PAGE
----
Built for use with Nikon cameras, the unit comes with a bunch of lens adapters from 49mm to 82mm. Wireless TTL and multi-function remote control are available, as well as a built-in LED modeling lamp, firmware upgrades, and the ability to control slave groups.
This setup provides the same level of functionality as you would expect from a high-quality flash, with the light quality being excellent throughout the power range. This system may not be as fully versatile as the Nikon solution above, but it definitely comes in as a close second.
The Sigma EM-140 DG is a high-quality macro ring flash solution, with full TTL capabilities. Each flash tube can be switched on and off for illuminating each side of the subject. Other features include wireless flash control, high-speed sync, and a range of adapters from 55mm to 62mm. Optional adapter rings are also available from 52mm to 77mm.
On-board controls can govern full auto TTL operation and manual flash output. While the control interface is basic, it’s not as intuitive as other units. Light output is consistent and the unit works as expected, but there are cheaper solutions on the market which work just as well.
5. Godox ML-150 Macro Ring Flash (Budget Winner)
The Godox ML-150 Studio Flash Trigger is a cost-effective solution that shows you don’t have to spend big bucks on your lighting setup. This small macro ring flash is happy to fit most hot shoe enabled DSLR cameras with a macro lens. It consists of a controller and the ring flash itself which mounts on the front of a lens.
A bunch of adapter rings come with the unit with filter threads from 49-67mm and the intensity controlled in steps from a 16th to full power. The unit runs on four AA batteries and officially is good for roughly 300 to 1000 flashes, depending on the power output of each exposure.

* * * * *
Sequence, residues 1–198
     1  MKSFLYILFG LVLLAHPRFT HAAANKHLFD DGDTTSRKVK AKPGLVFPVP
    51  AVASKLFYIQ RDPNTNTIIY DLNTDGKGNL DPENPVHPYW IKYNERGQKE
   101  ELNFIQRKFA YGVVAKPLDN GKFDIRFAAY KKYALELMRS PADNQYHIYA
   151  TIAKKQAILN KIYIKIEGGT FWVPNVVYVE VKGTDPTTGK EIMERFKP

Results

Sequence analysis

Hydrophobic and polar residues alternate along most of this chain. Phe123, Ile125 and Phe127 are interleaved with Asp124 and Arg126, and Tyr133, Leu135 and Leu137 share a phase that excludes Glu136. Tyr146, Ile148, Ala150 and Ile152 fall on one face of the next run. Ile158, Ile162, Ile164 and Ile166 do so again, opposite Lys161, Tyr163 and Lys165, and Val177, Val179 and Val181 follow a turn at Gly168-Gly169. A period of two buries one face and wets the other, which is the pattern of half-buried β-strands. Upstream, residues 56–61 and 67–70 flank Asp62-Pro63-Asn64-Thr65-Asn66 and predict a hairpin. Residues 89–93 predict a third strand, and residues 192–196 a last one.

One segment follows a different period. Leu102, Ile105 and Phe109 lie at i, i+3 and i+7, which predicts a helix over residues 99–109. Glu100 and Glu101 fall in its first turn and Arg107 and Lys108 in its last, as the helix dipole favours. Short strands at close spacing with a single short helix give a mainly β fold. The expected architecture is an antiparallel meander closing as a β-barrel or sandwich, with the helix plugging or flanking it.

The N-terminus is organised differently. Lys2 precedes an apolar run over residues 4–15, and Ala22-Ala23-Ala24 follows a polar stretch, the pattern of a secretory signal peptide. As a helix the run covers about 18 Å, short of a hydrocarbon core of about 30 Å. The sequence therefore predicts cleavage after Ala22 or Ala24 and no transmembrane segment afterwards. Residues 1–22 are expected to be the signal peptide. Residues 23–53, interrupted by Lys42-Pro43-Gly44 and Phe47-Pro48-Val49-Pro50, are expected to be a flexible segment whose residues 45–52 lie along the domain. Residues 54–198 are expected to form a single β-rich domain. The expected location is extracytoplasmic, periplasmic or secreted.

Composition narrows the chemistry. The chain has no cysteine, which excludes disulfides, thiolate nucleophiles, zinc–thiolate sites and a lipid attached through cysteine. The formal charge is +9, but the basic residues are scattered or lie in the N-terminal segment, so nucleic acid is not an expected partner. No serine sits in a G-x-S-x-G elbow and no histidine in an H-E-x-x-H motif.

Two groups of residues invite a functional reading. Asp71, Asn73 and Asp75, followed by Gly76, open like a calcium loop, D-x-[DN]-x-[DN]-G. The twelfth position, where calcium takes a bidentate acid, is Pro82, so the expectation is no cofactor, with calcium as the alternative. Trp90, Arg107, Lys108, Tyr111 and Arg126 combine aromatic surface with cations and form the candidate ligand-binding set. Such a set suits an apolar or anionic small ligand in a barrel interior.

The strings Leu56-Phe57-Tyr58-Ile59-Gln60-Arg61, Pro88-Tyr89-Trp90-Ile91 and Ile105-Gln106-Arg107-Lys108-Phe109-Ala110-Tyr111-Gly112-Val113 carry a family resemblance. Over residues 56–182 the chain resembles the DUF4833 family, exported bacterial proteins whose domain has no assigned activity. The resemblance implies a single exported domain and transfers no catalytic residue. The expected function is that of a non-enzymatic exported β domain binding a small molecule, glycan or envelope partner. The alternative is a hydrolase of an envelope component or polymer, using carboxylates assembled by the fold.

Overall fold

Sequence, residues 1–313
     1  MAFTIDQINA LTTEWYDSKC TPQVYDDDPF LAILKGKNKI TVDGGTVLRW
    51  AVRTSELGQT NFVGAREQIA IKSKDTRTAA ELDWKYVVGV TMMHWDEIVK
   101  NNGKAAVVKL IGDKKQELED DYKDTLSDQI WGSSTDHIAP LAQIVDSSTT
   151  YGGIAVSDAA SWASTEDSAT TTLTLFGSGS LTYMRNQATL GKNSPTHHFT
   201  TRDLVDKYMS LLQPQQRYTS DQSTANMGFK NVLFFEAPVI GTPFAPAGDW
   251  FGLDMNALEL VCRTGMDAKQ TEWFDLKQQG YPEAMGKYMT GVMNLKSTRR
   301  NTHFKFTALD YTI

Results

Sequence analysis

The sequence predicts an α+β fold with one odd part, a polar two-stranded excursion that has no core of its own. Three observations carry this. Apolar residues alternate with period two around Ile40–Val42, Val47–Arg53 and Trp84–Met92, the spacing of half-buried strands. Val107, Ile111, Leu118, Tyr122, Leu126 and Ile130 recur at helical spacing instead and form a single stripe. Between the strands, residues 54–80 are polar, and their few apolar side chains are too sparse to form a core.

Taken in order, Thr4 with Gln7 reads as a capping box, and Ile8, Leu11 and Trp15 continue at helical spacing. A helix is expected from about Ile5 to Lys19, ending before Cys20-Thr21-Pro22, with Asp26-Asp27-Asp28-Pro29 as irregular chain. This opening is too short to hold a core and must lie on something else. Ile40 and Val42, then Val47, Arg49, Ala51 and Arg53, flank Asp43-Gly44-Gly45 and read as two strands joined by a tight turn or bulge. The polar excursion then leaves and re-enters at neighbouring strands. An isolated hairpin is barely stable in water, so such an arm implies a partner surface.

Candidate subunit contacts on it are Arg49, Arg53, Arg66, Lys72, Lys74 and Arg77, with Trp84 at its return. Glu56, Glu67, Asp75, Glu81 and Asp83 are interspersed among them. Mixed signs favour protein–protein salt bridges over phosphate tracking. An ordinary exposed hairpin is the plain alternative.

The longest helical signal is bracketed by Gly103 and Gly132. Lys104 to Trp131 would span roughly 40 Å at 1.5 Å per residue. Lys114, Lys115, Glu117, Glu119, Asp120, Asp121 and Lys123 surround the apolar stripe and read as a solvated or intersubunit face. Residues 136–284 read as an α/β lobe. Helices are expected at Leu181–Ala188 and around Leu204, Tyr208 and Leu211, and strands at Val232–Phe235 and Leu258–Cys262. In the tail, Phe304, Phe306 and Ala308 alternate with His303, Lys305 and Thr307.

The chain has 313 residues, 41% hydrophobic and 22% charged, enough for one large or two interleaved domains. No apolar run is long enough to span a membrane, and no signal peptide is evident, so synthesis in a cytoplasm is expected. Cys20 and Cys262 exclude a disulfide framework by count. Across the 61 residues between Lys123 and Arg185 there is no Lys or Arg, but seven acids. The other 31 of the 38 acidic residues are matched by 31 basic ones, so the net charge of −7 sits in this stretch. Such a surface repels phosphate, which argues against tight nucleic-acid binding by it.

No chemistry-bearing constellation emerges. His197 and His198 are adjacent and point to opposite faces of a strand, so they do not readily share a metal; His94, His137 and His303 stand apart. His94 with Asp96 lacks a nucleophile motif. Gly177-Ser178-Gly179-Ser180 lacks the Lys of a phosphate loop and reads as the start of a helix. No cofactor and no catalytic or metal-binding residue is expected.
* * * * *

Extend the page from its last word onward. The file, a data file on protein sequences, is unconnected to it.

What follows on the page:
This solution is extremely easy to fit and use and while its operation is basic in nature, the color temperature of 5600K provides very neutral looking images. As a basic solution for the first steps into macro photography, the Godox ML-150 is a good first steppingstone.
A Closer Look at the Best Flashes for Macro Photography
As with regular flash units, there are cheap options on the market that do the same thing, but in reality, they lack the more advanced features. You may have to pay more for things like full TTL, incremental power output, and remote slaving, but these features are so worth it in the long run.
The more expensive units are generally built to a higher standard, which means they can take the knocks and bumps of everyday use. While these macro photography flash solutions may be more specialist in application, they will make a world of difference when shooting the tiniest of subjects.
As with all camera lighting solutions, the quality and type of light can make the difference between an amateur and a professional shot. While all the examples above produce quality light, the cheaper solutions provide the most basic functionality. The more expensive units are ideal for those who shoot small subjects on a regular basis.